Rolls-Royce Begins Design Work on Automated Vessels

by | Thursday, July 17, 2014 | 0 comment(s)

Rolls-Royce has begun designing automated bulk carrier vessels that it hopes to have on the water within 15 years, drawing apprehension and skepticism from many in the maritime industry.

The question of automated transport is not a new one – many metro systems around the world use automated trains to transport passengers throughout large cities; in fact, in the last few years, the New York City subway system has added automated trains to their fleet as well. What’s more, the International Association of Public Transport, based in Belgium, wholly supports automated transport.

But the transition is rarely without controversy. How can unmanned transport be safe? What about the jobs that are eliminated? Can computers really effectively operate such large transportation vehicles? The answers to all these questions are heavily debated and defended on both sides, and now the discussion has arrived in the shipping industry.

Why Go Automated?

Rolls-Royce asserts that its automated ships will be much cheaper and more efficient than the manned ships they are designed to replace. The captains would steer the ships remotely from virtual, 360-degree control rooms on land, which would allow one person to steer and monitor many vessels concurrently. Because there would no longer be a need for onboard personnel, both bridge and accommodation systems could be eliminated, lightening the load of these vessels, lessening the expense of long voyages and allowing more room for cargo.

The primary benefits for moving toward drone vessels are cited as:

  • Reduction in accidents by reducing human error
  • Lower manning costs
  • Solution to the problem of shortage of seafarers
  • Easy implementation of Slow Steaming to increase efficiency and reduce emissions
  • Absolute environmental regulation compliance

Says Oskar Levander, VP of Innovation in Marine Engineering and Technology for Rolls-Royce, “The fact is if you don’t have people on board, then you don’t need any deckhouse . . . And if you don’t have people on board, you don’t need a lot of systems that are there just for them. It’s about water production, it’s about heat and ventilation and provision storage, a lot of things that are there today to make it habitable for people. All that goes away with an unmanned ship. The weight comes down and there is a lot of cost that goes into building these systems.”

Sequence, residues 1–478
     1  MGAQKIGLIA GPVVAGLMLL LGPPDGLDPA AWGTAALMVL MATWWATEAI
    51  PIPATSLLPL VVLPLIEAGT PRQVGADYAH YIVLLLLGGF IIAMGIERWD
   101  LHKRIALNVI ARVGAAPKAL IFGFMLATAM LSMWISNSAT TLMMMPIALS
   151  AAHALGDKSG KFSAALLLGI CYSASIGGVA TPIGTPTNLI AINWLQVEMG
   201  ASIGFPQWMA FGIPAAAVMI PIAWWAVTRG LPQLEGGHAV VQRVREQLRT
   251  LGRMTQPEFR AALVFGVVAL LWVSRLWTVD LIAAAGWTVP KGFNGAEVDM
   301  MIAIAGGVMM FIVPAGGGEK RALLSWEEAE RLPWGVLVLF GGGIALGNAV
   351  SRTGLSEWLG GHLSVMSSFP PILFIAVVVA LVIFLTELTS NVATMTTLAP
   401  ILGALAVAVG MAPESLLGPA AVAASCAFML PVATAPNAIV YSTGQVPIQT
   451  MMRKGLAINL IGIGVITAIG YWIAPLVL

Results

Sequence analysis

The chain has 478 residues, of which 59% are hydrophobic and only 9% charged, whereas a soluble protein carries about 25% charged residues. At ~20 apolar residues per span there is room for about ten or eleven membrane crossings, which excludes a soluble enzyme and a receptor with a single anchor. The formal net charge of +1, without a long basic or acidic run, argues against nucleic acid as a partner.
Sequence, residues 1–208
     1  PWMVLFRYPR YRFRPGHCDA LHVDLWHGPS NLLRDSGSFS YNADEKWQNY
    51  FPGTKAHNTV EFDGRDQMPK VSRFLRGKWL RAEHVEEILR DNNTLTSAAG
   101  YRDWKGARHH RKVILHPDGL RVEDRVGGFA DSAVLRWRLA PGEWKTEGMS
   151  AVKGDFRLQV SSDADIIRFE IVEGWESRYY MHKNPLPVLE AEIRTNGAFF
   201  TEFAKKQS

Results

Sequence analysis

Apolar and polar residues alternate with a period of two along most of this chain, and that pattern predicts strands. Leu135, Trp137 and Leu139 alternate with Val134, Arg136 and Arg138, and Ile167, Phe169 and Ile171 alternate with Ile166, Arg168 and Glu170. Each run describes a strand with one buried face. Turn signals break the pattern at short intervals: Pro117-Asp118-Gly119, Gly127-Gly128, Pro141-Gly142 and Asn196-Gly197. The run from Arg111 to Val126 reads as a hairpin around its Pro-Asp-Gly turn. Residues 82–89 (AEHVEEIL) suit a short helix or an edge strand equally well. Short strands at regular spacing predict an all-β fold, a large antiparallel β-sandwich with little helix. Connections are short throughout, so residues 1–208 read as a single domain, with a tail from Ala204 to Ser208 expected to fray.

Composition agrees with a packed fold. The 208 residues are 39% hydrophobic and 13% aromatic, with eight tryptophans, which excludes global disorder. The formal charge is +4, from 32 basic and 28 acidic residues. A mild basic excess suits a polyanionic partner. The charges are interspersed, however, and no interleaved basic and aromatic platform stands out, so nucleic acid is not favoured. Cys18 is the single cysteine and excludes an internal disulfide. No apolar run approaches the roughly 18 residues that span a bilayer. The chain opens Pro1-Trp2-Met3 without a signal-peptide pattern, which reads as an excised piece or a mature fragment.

With an automated ship, the operator could also eliminate the expense of having a crew, a savings of 39 percent, according to a 2011 report by Moor Stephens, LLP.

Levander expressed, “The crew cost depends very much on your operation and size of vessel. And it won’t go down to zero — you’ll still have some people involved in the remote control. But there are substantial savings. That is the driver. It is about making shipping more efficient.”

Levander also addressed the question of safety. He conveyed that the majority of maritime accidents are due to human error as a result of a loss of concentration or fatigue, which would not be an issue with the drone vessels. Says Levander, “If you control the ship from land, the facilities are better. People can go home to sleep; they have their family life. It’s a better working environment that should also provide for better concentration on work.”

Critics Disagree

But critics, including mariners and their unions, see the drone vessels as vulnerable to problems that arise at sea that cannot be addressed from land. Says Klaus Luhta, Chief of Staff for the International Organization of Masters, Mates, and Pilots, “I don’t know about the technology aspect of it — I guess anything is possible nowadays — but from a practical standpoint I don’t see it as a tenable solution. Just from a safety perspective, when you’re on a ship on the water, crossing the ocean, there are so many variables that go into how a vessel operates just in terms of navigation. A lot of those variables require real-time decisions that have to have a set of eyes on the problem.”